Chocolate Cookies

Chocolate Cookie

This recipe is the base we use for both chocolate cookies and chocolate chocolate chippers. The basic difference is that the chocolate cookies are rolled and cut out and can be used to make sandwich cookies or even crumbled to make a cookie pie crust, while the slightly plumper chocolate chocolate chippers are drop cookies loaded with chocolate chips. [Editor’s Note: See the CHOCOLATE COOKIES VARIATIONS beneath the recipe for easy peasy how-tos on making each of these incarnations.]–Kim Ima

LC To Frost Or Not To Frost? Note

Some cookies  are so good you want to eat them all yourself. And then there are some cookies sooooo good you just can’t help but share. The only question that remains is to frost or not to frost? The answer’s up to you. Same goes for sprinkles.

Chocolate Cookies

  • Quick Glance
  • 20 M
  • 1 H
  • Makes about 40 cookies
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  • 2 cups all-purpose flour
  • 1 cup plus 1 tablespoon unsweetened cocoa powder
  • 1 3/4 cups granulated sugar
  • 3/8 teaspoon baking soda
  • 1/2 teaspoon salt
  • 2 sticks plus 2 tablespoons (9 ounces) unsalted butter, diced and brought to room temperature, plus more for the baking sheet
  • 5 tablespoons milk
  • 1 1/2 teaspoons vanilla extract


  • 1. In a large bowl of a stand mixer, combine the flour, cocoa powder, sugar, baking soda, and salt.
  • 2. Add the butter and mix until a dough forms. (It may take up to several minutes, but trust us, a dough will eventually form.) Add the milk and vanilla and mix until the dough is smooth. (Again, it may take a minute or more, but the dough will turn smooth. If you opted to use a spoon and not a stand mixer, you may have to eventually work the dough with your hands.)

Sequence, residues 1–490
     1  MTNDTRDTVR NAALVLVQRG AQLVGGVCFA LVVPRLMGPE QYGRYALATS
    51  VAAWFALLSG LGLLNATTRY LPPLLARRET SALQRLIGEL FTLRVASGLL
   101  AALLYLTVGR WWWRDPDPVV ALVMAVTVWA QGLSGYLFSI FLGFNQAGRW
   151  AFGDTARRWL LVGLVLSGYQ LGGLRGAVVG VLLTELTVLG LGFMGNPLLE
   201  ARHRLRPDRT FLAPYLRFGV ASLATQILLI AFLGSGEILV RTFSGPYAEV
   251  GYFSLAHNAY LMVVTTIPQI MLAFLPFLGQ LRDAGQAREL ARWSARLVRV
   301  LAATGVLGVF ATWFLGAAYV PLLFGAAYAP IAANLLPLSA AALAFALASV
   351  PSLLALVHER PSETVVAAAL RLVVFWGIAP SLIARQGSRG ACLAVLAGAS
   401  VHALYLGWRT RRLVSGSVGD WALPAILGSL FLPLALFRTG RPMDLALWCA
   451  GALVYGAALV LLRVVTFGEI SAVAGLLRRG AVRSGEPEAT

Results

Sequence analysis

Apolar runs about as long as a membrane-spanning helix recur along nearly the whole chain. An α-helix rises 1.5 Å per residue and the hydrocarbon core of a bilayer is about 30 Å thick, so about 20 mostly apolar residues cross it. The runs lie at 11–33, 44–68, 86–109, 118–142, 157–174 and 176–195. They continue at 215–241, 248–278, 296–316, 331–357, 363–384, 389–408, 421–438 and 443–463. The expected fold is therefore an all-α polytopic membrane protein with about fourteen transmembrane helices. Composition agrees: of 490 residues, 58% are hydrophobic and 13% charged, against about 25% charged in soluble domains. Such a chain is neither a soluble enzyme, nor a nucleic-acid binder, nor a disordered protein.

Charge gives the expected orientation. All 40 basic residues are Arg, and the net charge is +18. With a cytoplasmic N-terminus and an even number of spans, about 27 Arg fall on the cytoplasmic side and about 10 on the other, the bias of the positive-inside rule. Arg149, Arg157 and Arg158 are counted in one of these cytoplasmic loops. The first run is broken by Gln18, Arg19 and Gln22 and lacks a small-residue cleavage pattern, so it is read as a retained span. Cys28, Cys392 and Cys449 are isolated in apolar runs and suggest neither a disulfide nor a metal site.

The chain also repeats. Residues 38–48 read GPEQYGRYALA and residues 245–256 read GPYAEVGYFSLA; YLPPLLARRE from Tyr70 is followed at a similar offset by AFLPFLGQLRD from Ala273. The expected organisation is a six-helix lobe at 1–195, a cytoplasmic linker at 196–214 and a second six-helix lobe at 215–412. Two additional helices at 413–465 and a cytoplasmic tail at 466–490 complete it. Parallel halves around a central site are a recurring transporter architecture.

• 3. Mold the dough into one big blob, wrap it in plastic wrap or plunk it in a resealable container, and refrigerate for at least 30 minutes and up to overnight.
  • 4. Preheat the oven to 350°F (176°C) and butter a baking sheet or line it with parchment paper.
  • 5. Roll out the dough to about 1/4-inch thick between sheets of parchment paper. (If the dough is too hard to roll, let it stand at room temperature for about 10 minutes and then try again.) Cut out cookies with a round cookie cutter (or any shape you like). You can reroll any dough scraps. Place the cookies at least 1 inch apart on the baking sheet. (If the dough seems exceptionally sticky as you try to roll it, either return it to the fridge for a few minutes or, alternately, simply shape it into a log and slice it into rounds about 1/4-inch thick.)
  • 6. Bake for 8 minutes if you like a softer cookie, 10 minutes if you prefer a crisper cookie. If the cookies look a little soft when you take them out, don’t worry! They’ll firm up as they cool. Cool completely on the baking sheet or transfer to a wire rack after a few minutes.

Chocolate Cookie Variations

  • Chocolate Chocolate Chippers
  • Mix in 1 cup chocolate chips after Step 1. Scoop the dough with a spoon and form a ball of dough with your hands. Place the dough on the baking sheet and press down gently to flatten each cookie. Add a few extra chocolate chips to the top when no one is looking. Bake for 10 to 12 minutes, or until set but still soft—and enjoy!
  • Ice Cream Sandwiches
  • Super easy to assemble. Get your ice cream of choice and scoop it onto a freshly baked chocolate cookie. Top with a second cookie. Roll the edges of your ice cream sandwiches in sprinkles/jimmies or chocolate shavings, if you please. Wrap each sandwich in plastic wrap and stick in the freezer. Let them set for at least 1/2 hour. That’s it. Take them out. Eat right away. Do a dance of appreciation.
  • Classic Chocolate Cookie Crust
  • Mix 1 2/3 cups chocolate cookie crumbs and 1 tablespoon granulated sugar. Add 1/3 cup butter, melted, and stir until combined. Press the mixture into a 9-inch pie pan. Bake at 350°F (176°C) for 5 to 10 minutes. (For making any kind of cookie crust, you can run the cookies through a food processor or put them in a sturdy plastic storage bag and roll them with a rolling pin. Baking a cookie crust is optional, but I tend to like doing it so as to set the crust and crisp it up.)

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